By  on February 17, 1994

NEW YORK -- Macy's creditors said the "getting-to-know-you meeting" with Federated Department Stores Wednesday was a waste of time.

Creditors said they expected Federated to outline its case for a merger with Macy's, but instead got a review of financial figures they already knew.

"It was a major-league non-event," griped one creditor. "We received some background information on Federated. Big deal, they're a public company."

The source added: "The meeting could have been canceled and nobody would have been the worse for wear."

The meeting with Macy's representatives from its unsecured and bondholder committees followed a similar gathering Tuesday with secured creditors.

The meetings were headed by Ronald Tysoe, Federated's vice chairman and chief financial officer, according to the creditors. Allen I. Questrom, chairman and chief executive officer, was not present.

Federated began courting the groups after Macy's said it was not interested in a union with its Cincinnati-based rival. Macy's had expressed a desire to be included in the Tuesday and Wednesday meetings, but Federated said no.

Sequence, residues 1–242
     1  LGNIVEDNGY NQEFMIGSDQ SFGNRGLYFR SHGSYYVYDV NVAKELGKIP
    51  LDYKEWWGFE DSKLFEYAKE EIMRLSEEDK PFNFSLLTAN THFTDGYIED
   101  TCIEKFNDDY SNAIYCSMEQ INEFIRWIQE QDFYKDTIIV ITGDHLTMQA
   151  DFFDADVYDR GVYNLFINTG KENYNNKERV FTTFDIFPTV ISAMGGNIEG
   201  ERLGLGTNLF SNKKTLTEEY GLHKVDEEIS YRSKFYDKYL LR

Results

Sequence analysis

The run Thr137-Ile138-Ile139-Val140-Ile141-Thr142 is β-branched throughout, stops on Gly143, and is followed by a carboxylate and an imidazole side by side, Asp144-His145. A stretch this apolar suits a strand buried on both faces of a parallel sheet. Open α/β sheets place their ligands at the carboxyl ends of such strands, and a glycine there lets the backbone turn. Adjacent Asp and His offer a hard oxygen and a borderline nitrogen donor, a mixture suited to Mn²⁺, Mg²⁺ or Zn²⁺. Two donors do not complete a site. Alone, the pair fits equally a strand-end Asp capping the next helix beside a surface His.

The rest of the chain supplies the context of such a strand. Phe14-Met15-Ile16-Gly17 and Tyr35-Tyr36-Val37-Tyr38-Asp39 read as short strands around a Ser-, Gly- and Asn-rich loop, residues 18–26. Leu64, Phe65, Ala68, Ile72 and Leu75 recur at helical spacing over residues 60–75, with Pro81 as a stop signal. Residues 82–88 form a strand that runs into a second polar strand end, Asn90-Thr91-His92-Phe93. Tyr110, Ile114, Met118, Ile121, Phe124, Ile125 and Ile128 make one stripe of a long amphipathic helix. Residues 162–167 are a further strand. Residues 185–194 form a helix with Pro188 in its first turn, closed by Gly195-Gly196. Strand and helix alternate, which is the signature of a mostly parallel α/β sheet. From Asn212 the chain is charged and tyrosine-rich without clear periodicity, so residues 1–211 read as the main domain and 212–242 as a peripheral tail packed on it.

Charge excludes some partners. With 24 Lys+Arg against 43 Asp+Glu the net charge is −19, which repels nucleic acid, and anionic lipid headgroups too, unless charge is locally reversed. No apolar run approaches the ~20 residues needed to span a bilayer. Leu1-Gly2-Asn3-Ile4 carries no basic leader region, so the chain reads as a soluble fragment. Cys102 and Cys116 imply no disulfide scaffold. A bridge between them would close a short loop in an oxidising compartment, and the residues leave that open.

Attendees said they thought Federated wanted to find out how creditors felt about Macy's efforts to extend its exclusive right to file a plan until Sept. 15.

"Federated is very cagey," said another creditor. "They're trying to learn as much as possible, while revealing as little as they can before they show their hand."

A bankruptcy court hearing on the Macy's request is scheduled for Tuesday. The plan is currently due March 15.

One of Macy's primary needs for a stand-alone reorganization plan is financing, and the chain is reportedly exploring interests from Connecticut to Hong Kong.

Macy's is already in discussions with Stamford, Conn.-based General Electric Capital Corp. for possible increased loans and post-Chapter 11 financing.

Myron E. Ullman, chairman and chief executive officer, is planning a trip to Hong Kong in March. Sources speculate that he could meet with representatives from Wharf Holdings, a cash-rich conglomerate run by Peter Woo, Ullman's former college roommate. Prior to joining Macy's, Ullman was an executive at Wharf.

Macy's declined comment on reports of Ullman's travel plans.

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